CAA reply to the above two comments: Allowing PPL to instruct is a carry-over from CASO 12. However it does not apply to agricultural operations, nor to helicopter instructing, and the experience and training requirements have been increased to the same level as for CPL.
61.305 Privileges and limitations
Helicopters (NZ) Ltd commented that the privileges of flight instructors needs to refer to spinning, aerobatics, night flight, and multi-engined flight instruction.
CAA reply: This has been done. The philosophy of the lifetime licence concept is that when the instructors have met the experience requirements, and have themselves been trained and tested in instructing in these areas, they will be signed off in their logbooks.
Helicopters (NZ) Ltd commented that the ability to issue type ratings needs to be added to the privileges of the Category C, B, and A flight instructors.
CAA reply: This has now been done.
An industry pilot commented whether "check & training captains of approved organisations who normally hold Category D instructor ratings" can carry out BFR on persons other than their own line pilots.
CAA reply: They can "provided that the instructor is employed by an airline in a training role for that type of aircraft and that the biennial flight review is being conducted as an employee of that airline".
Massey University School of Aviation commented that Category C flight instructors should have the privilege to "authorise solo flight other than first solo flight, first solo navigation flight, first solo night flight, first solo spinning flight, first solo aerobatic flight, first solo multi-engine flight."
CAA reply: This comment was fully considered but the additional situations mentioned in the comment proved to be far more complex to regulate than was first apparent. The lack of past problems in this area suggest that change is not needed at this time. The restriction on Category C instructors will remain for first solo authorisation only.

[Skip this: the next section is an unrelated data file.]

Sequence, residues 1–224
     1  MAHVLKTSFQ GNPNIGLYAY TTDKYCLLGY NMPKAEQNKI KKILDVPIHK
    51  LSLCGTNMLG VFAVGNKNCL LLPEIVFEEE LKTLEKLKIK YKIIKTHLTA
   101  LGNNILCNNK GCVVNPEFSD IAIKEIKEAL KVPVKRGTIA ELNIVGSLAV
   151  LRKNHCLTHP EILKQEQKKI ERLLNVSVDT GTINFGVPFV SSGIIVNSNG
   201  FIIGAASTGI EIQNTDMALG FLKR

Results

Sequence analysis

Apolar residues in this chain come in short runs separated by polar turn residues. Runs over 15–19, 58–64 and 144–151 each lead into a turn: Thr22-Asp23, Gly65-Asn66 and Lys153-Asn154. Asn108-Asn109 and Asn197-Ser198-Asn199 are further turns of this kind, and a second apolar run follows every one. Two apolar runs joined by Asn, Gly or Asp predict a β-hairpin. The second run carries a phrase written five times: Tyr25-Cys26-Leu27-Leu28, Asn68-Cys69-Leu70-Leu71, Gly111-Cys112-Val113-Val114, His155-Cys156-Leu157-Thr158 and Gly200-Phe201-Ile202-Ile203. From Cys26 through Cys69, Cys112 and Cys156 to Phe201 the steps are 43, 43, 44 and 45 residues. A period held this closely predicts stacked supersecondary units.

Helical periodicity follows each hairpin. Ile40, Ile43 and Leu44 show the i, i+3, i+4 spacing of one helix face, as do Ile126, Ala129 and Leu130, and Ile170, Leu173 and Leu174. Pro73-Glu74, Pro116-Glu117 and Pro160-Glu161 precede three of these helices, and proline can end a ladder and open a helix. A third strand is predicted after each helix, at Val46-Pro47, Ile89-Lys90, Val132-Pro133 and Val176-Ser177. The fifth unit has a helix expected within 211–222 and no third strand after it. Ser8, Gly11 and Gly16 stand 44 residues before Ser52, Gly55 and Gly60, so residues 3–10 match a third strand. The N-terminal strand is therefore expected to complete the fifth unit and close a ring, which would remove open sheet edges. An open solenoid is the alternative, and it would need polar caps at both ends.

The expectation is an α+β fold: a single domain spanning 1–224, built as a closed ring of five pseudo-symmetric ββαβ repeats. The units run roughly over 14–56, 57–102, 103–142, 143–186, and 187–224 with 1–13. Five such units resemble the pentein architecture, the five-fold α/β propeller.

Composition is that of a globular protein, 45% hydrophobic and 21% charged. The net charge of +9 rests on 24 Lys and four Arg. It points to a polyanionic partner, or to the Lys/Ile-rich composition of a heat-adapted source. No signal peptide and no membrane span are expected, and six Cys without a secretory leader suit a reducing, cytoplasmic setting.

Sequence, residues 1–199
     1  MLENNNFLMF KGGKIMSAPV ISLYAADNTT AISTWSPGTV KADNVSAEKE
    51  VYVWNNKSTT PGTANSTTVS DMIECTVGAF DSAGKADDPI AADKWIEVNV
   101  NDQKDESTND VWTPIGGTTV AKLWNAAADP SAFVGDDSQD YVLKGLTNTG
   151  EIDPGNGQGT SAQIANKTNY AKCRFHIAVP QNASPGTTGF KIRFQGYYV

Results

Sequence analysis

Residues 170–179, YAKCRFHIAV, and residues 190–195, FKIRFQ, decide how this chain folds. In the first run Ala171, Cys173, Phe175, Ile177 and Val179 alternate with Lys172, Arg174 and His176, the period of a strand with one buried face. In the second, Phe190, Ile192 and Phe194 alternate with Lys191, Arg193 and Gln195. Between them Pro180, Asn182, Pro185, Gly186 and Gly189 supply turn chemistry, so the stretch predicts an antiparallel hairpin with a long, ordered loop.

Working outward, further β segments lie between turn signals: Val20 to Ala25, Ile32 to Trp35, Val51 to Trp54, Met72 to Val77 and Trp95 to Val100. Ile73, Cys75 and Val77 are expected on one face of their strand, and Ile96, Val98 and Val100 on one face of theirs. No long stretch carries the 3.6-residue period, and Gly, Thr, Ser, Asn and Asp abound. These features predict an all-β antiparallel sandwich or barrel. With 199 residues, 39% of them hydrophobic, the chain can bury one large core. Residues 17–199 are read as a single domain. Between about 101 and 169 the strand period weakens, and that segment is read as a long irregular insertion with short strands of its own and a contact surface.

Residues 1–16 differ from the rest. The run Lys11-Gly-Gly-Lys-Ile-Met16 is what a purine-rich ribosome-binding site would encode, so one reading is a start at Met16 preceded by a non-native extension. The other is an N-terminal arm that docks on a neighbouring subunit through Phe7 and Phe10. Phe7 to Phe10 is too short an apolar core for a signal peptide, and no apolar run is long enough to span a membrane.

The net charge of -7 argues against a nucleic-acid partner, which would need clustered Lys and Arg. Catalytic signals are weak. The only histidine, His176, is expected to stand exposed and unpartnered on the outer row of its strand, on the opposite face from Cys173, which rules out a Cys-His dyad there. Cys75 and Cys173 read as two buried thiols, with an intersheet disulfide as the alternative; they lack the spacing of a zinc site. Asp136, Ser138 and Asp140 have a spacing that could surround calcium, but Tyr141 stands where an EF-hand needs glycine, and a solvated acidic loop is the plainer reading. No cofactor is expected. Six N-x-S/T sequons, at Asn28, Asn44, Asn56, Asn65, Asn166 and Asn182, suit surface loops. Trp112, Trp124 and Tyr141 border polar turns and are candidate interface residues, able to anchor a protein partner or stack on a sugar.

Massey University School of Aviation commented "to remove the opportunity for a Category C flight instructor to have sole charge of flying training under any circumstances."
CAA reply: The amendment has been made.
Wakatipu Aero Club comments "does the requirement for the instructor to not give instrument flight instruction unless holder of an instrument rating preclude such an instructor from completing training in respect of the five hour, ten hour, and fifteen hour requirements for PPL, CPL and Cat C issues?".
CAA reply: They are not precluded, because the requirement was for flight under IFR rather than flying on instruments.
61.307 Currency requirements
Helicopters (NZ) Ltd commented that "the recency requirements for an Category E instructor of ten productive agricultural hours in the preceding 90 days will be almost impossible to meet, given the current level of agricultural flying in New Zealand. It is questioned as to whether this additional recency is required over that which is already specified for the licence itself. It is suggested that if a check on Category E competence is required then it should be left to the Chief Pilot to satisfy himself that an Category E instructor is competent to train a Company pilot in agricultural operations."
CAA reply: The requirement should stay because recency is no longer required for the licence itself, and the instructor rating is not restricted to company use only.
61.351 Instrument Rating - Applicability
61.353 Eligibility requirements
61.355 Privileges and limitations
61.357 Currency requirements
The Transport Accident Investigation Commission commented for comparison that the Australian CAA has a useful provision for holders of instrument ratings on more than one category of aircraft which significantly reduced cost and effort where one was maintaining two ratings. When the tests were conducted within 28 days of each other, one test was a full renewal test, and the other confined to differences between the two categories.